Technology Tools for Psychology Teachers: How to Take Back your Time

Target is rolling out those giant red bins of school supplies, which can only mean one thing…school is coming! I’ll be honest, as much as I love summer vacation, and cling to every last minute of relaxation and freedom, once August hits I start to get excited for the fantastic potential of the new school year.

As I’m heading into my 11th year in the classroom, I’m grateful for the techniques, routines, and rituals that I’ve managed to acquire over the years.  From classroom set-up, to opening day activities, I’ve honed down what works best for me and for my students–and figured out ways to do them in a timelier fashion.  Saving time is a big deal–teaching is a demanding enough job as it is, any tool or routine you implement should help to reduce or even remove some of those responsibilities.  I’m excited to share some of the technology tools that help me to take back some of my time.

TES Blendspace is an online tool in which you can set up “lessons” to connect students with resources you’d like them to be able to access, including: videos, documents, websites, infographics, etc.  Your lessons can then be shared with students via a link (I usually put mine right on my Google Classroom page).  I create one of these for each unit in my AP Psychology class, students can use these to prepare for the unit test.  They can also flip back through all the lessons done throughout the year, which is a huge help come review time.  One of my favorite things about TES Blendspace?  You can reuse the same lessons each year! Huge timesaver!

Twitter certainly isn’t new, but is sometimes underutilized by teachers.  Twitter is much more than a social media site; in fact, Twitter can serve many purposes for the classroom teacher:

  • Networking with other teachers (especially for those of us who are the only ones in our building teaching our content)
  • Professional Development
  • Finding and sharing resources
  • Connecting with students, both current and former
  • Sharing information with students (like when you need to change the test date due to an unexpected snow day)
  • Sharing what you do in your classroom

This last one is my favorite.  For the most part parents, administrators, and other teachers don’t get to be a part of what I do in my classroom but by sharing pictures and videos of class activities, student interactions, lab experiments and projects I can pull them in and help them to see what a day in our class is like.  Depending on the teacher evaluation program your district uses, these posts could even help serve as “evidence” to help support your overall evaluation.

One final time-saving technology tool is Planboard, an online planner which allows you to create and store detailed lessons, as well as weekly and monthly classroom plans.  There are other online planning sites available, but this one happens to be free for teachers, a major win in my book.  In your daily lesson plans you can include links to documents, videos, and other resources associated with your topic.  While this may take some time to frontload, having everything you need organized together can be a huge help when it comes to teaching your lesson.  Additionally, you can attach standards to each lesson, and track your progress on those standards throughout the length of your course.  My favorite feature is that these lessons can be saved and reused the next time you teach that topic.  I’d much rather spend my time tweaking or improving a lesson than having to start from scratch each time I teach that section.  Another benefit to online planning sites, like Planboard, is that you can digitally collaborate with your colleagues on them. This allows you a great opportunity to work together to develop and share plans with other teachers teaching the same course, without having to set up a curriculum meeting, or rush to discuss an idea with them during your lunch or planning period.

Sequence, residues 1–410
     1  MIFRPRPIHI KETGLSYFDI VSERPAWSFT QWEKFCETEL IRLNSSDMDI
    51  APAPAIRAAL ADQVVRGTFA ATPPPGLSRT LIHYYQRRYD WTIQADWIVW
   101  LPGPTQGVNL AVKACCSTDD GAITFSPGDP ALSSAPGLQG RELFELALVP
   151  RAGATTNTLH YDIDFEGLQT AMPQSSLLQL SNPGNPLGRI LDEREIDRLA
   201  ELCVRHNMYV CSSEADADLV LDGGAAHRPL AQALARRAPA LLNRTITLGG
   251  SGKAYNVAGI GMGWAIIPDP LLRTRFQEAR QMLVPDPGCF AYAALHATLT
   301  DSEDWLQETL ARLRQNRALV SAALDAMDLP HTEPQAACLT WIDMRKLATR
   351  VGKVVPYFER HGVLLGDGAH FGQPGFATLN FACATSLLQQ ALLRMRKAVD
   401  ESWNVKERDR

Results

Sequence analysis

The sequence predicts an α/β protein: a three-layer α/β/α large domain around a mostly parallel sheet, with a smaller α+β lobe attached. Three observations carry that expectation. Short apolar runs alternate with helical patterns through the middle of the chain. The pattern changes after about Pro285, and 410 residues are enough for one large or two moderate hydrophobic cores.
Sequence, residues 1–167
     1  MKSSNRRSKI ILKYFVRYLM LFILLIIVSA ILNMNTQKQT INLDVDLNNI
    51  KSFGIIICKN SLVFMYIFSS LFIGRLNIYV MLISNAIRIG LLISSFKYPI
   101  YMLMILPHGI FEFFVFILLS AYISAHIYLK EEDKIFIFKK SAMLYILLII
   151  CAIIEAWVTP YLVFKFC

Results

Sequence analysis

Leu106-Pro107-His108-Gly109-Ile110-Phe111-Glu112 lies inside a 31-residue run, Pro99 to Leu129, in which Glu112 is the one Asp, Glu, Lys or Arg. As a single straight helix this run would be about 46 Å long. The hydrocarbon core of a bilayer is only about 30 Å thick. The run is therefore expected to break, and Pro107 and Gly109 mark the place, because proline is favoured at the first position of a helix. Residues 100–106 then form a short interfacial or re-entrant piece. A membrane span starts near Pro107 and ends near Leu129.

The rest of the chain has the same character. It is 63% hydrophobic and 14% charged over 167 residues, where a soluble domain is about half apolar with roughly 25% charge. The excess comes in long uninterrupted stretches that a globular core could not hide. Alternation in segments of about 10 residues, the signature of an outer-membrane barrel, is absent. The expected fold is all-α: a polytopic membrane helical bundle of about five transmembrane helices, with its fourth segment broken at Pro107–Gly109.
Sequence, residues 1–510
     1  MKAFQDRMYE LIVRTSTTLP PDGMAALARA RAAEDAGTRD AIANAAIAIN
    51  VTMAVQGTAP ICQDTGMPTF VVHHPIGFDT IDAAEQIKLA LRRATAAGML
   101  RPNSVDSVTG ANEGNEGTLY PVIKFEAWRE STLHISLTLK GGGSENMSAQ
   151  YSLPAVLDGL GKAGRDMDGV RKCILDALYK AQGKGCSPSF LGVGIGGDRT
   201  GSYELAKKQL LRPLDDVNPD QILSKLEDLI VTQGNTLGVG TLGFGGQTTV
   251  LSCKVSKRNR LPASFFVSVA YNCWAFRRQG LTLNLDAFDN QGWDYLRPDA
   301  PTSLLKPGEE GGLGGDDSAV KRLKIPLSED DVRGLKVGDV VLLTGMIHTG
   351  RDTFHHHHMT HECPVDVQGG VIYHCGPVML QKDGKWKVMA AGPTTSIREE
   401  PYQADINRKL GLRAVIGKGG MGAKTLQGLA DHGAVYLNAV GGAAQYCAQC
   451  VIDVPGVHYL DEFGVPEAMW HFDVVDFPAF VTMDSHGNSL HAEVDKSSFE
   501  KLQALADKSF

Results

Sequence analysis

I hope these tools have given you some inspiration to try something new this year to help you take back your time!  Best of luck to you in your upcoming school year!

About the Author

Tracy teaches English, Psychology, and AP Psychology at Northwest High School, in Jackson, MI. She also teaches English and Psychology online for Widening Advancements for Youth (WAY) where she works with students across the state of Michigan as well as students in Brazil. She attended Albion College, where she earned her B.A. in English and Secondary Education, and holds a Masters of Arts in Curriculum and Instruction from Spring Arbor University. She worked on the Technology Strand at the Summit on High School Psychology Education in 2017. You can follow her on Twitter, @NWtracydryer

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